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Is It Time To Delete Twitter?

Is the age of handing over personal information and creating content to help social media companies make money finally reached an apex?

Those are good questions to ask right now in light of some explosive allegations about Twitter security practices. If it’s really true that a good portion of Twitter accounts are actually bots, and if it’s also true that security breaches have exposed our information to hackers, it might be time to re-evaluate these platforms all over again. And it starts with a tough question: Is it time to delete Twitter? And possibly Facebook?

I’ve been debating this one for myself. On the one hand, I know social media apps have value. Over the last decade, I’ve been able to post links to my articles and communicate with readers in ways that seemed impossible before that.

I’ve scoured Twitter for breaking news and written many times about how people in places like the Ukraine have been able to post about injustices. We’ve had access to politicians and celebrities like never before. On Facebook, I’ve connected with countless friends, colleagues, and family over the years.

And yet.

When you think about this latest scandal with Twitter, it might remind you of another scandal. Or perhaps several. Facebook has had quite a long list, so it’s hard to keep track of them, with some experts even arguing that misinformation campaigns over the last couple of presidential elections seriously slanted the outcome.

I still remember seeing Facebook posts about Hilary Clinton’s declining health (she actually just had the flu) and hundreds of others.

And don’t get me started about all of the weird “health science” posts. Science is either going to save us all or kill us all, depending on who you follow on Twitter.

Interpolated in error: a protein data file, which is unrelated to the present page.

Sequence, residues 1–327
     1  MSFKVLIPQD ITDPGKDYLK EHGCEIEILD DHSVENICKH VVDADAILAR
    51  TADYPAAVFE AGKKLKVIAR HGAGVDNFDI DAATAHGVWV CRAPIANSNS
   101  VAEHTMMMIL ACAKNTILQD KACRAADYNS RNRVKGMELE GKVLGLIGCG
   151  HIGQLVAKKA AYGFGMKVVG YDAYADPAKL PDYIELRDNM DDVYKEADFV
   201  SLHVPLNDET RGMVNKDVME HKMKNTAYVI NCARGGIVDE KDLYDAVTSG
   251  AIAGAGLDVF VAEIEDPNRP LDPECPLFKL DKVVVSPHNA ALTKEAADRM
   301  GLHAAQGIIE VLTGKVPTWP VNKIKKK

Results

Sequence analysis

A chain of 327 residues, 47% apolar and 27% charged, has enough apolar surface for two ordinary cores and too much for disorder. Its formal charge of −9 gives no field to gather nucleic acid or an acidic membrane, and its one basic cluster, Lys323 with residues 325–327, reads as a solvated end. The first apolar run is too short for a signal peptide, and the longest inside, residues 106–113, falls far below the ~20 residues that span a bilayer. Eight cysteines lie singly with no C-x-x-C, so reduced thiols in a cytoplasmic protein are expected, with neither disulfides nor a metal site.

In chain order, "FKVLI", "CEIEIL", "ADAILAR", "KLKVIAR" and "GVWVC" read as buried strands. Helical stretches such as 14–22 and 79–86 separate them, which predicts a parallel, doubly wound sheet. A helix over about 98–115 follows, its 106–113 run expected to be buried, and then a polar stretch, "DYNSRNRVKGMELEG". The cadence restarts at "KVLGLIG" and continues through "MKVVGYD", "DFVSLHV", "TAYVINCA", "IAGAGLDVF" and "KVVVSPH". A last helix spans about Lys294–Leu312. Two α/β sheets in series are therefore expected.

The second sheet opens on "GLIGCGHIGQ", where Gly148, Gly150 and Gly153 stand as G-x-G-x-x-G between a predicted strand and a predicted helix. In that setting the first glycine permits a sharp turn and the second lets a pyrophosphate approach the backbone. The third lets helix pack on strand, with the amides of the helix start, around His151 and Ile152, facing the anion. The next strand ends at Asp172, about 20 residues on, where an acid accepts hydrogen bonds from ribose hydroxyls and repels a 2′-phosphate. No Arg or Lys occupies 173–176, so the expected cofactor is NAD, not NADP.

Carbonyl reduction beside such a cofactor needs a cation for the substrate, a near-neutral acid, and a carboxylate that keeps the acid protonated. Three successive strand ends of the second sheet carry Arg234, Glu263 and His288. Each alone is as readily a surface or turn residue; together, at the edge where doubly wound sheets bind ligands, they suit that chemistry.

In many cases, it’s pretty easy to spot misinformation. Those who spread misinformation don’t usually include reputable links. JimBob’s blog is not reputable. He can barely spell. Unfortunately, the way this works is a little lopsided. If you want information to be slanted a certain way, all it takes is a post and a link (any link) about that slant to convince you. And social media is the perfect transport mechanism for those posts. It’s a wide open portal. There are no restrictions about being dumb.

One of the biggest problems on social media right now is that artificial intelligence can’t keep pace with this flow of misinformation, abuse, and coercion. We’re helpless. Support personnel at both Twitter and Facebook are fighting a losing battle, and in some ways, if the allegations about security practices are true, it almost makes sense. They lost the battle. When that happens, the only tactic that remains is denial and finger-pointing, obfuscation, and hiding the facts from authorities.

What’s really happening here is that the precarious business model (based on the attention economy, using us as pawns for advertising) is teetering. You look up at the sky and see this wobbling tower built on showing us ads (and not providing any other real value) and you want to run for the hills screaming in panic.

Unfortunately, the metaverse is yet another wobbling tower.

The allegations reveal even more about the foundation of this tower, that there isn’t much to hold it all together except duct tape and bandages.

I’m not there yet, but I’ve been wondering if it might be time to consider moving over to another social media tower. I just need to find one that isn’t teetering.

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